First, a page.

The basics of travel nurse benefits & health insurance

Employee benefits are, at their core, something both the employee and employer can utilize to their mutual advantage. Employers who provide benefits that employees value help them stand out from competitors and attract top talent. My Private Health Insurance offers travel nursing health insurance plans tailored to individual needs – accessible and affordable for individuals, families, and companies of all sizes. So what exactly does this mean? Let’s take a closer look at two categories of benefits: standout and standard.

Standard Benefits: This is what we consider essential. It encompasses legally required offerings as well as those available to all. Think of what you would expect from your employer, such as health insurance, and what the government requires of you.

The most valuable benefits are those which provide additional advantages to improve your quality of life. Examples include pet benefits, retirement accounts options and employee assistance programs.

Our experts continually assess our offerings to guarantee they meet the needs of travel nurses, caregivers and professionals who love to explore the world. No matter if you’re a caregiver, travel nurse, or professional who lives to explore, our solutions have you covered.

Insurance Health Coverage

health insurance works similarly to auto insurance in that it covers you in case of illness or injury, as well as preventive care. Unfortunately, your policy may not always cover all expenses – the out-of-pocket maximum is the limit at which your insurer will cover medical bills. Before we dive in further, let’s first clarify some key terms.

  • Deductible: The amount you must pay towards medical expenses before your insurance kicks in and covers the rest. Every plan differs, but typically include hospital bills and lab tests within its coverage. A $3,000 deductible means you are responsible for covering any medical bills or tests before your insurer says “Ok, we’ll help you now”.
  • Co-Pay: A co-pay is like a cover fee without the open bar. It’s the flat fee you pay for all covered medical services. Your insurance may cover preventive care like an annual physical, so there would be no co-pay needed for that type of care.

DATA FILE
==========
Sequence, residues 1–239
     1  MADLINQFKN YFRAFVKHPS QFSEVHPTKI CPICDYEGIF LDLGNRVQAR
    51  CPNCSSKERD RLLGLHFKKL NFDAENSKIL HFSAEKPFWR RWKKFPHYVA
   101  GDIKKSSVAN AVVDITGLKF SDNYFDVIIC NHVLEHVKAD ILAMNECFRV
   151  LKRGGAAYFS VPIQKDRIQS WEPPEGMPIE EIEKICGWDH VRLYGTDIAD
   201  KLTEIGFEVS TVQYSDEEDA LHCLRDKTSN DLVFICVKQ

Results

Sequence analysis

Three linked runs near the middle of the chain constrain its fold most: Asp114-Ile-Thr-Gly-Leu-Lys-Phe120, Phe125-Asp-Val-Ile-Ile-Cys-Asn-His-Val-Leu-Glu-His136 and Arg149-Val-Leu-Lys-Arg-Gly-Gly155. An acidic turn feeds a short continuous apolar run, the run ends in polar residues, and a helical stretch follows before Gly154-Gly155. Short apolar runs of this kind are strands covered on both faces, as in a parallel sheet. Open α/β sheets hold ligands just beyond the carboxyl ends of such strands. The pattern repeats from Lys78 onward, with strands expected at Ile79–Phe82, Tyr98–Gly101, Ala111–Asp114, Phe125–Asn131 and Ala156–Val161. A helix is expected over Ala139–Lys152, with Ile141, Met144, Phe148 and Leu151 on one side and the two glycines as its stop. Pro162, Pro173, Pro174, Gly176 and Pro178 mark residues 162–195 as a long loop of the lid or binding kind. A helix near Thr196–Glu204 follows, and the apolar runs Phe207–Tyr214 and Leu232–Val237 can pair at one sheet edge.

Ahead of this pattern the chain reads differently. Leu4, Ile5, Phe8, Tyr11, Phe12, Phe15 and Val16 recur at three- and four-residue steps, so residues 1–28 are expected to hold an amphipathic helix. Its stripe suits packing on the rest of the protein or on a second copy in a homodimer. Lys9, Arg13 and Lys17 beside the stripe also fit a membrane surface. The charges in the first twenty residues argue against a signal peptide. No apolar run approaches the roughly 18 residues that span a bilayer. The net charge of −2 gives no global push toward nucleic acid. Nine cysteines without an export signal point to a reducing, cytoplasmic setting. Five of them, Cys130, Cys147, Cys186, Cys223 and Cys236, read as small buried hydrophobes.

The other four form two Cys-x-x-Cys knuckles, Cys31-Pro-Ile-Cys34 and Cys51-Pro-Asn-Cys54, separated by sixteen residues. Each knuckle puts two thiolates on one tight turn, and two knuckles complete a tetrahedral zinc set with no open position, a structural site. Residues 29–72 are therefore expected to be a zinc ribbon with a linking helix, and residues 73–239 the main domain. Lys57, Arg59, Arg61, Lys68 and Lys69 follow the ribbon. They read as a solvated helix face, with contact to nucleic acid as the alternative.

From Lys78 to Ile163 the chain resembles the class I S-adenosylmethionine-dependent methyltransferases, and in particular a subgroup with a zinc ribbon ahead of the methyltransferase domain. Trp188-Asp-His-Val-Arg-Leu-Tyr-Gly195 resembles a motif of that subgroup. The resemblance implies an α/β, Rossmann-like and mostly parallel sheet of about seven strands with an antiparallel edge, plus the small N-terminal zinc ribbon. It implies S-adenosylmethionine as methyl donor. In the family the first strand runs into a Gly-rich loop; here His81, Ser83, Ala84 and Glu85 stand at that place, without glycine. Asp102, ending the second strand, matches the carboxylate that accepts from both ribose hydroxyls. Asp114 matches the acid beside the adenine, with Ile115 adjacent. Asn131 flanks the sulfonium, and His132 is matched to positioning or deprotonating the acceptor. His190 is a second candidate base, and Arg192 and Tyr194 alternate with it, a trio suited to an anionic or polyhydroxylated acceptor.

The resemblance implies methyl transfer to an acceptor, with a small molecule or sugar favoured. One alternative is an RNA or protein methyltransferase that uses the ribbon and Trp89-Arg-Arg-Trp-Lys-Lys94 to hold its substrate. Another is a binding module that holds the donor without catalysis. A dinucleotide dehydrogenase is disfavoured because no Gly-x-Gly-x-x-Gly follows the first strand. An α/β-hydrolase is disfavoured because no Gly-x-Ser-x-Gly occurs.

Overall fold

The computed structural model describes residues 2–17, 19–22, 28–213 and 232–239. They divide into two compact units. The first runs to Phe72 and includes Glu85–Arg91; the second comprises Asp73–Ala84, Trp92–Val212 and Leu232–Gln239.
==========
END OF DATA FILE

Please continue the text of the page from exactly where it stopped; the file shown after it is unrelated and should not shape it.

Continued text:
• Co-Insurance is the portion of medical services you must pay for yourself. Depending on the type and whether or not your deductible has been met, copays may apply; in some cases, you might only have to cover 20% of a service’s cost and your insurance company will cover the remainder.
  • Premium: Your health insurance policy premium is the cost you’ll pay to purchase it. It works much like Hulu subscription – you pay monthly or annually to stay active and watch all of your shows. Your policy will remain active if you pay your premiums on time.
  • The Out-of-Pocket Maximum is the total amount you can spend on health care expenses during one calendar year, including any coinsurance fees, deductibles or copays. Once reached, your insurer will cover all associated costs associated with using your health benefits – making it a win-win situation!
  • HDHP: An HDHP is a high-deductible plan with an increased minimum deductible. An HDHP may have higher annual minimum costs, but it offers lower insurance premiums – making it ideal for younger and healthier individuals who don’t expect to need extensive healthcare coverage. Furthermore, qualifying individuals are eligible for tax-favored HSA accounts as well.
  • HSA: A Health Savings account is a tax-advantaged account that HDHPs must use for medical expenses not covered by their HDHP plan. You may contribute money throughout the year and TNAA provides an after-tax benefit that you can file with individual taxes; however, you are limited in how much can be contributed each year.

How to Change Your Coverage and What Dependents Need to Know about you

Are you uncertain of how or if to change your coverage for dependents? Read this for all the information necessary.

Each travel nurse is unique. We are bound by law when it comes to employee benefits, so in order to make changes such as adding dependents to your coverage, a qualifying event in your life must occur.

Open Enrollment: Open enrollment is when you can choose to start, stop or modify your health insurance plan each year. For coverage that lasts throughout the entire calendar year, it’s best to sign up before the end of the year.

Qualifying Life Events: If your circumstances alter during Open Enrollment, you may be eligible to make changes to pre-taxed benefits. These are just a few examples of the many qualifying life events that qualify.

  • Expiration of Current Health Coverage (Job-Based, Individual or Student)
  • Loss of Eligibility to Medicare, Medicaid and CHIP
  • Turning 26 and losing coverage under a parent’s plan
  • Divorce or marriage
  • Adopting or having a baby
  • Death of a dependent or current policyholder.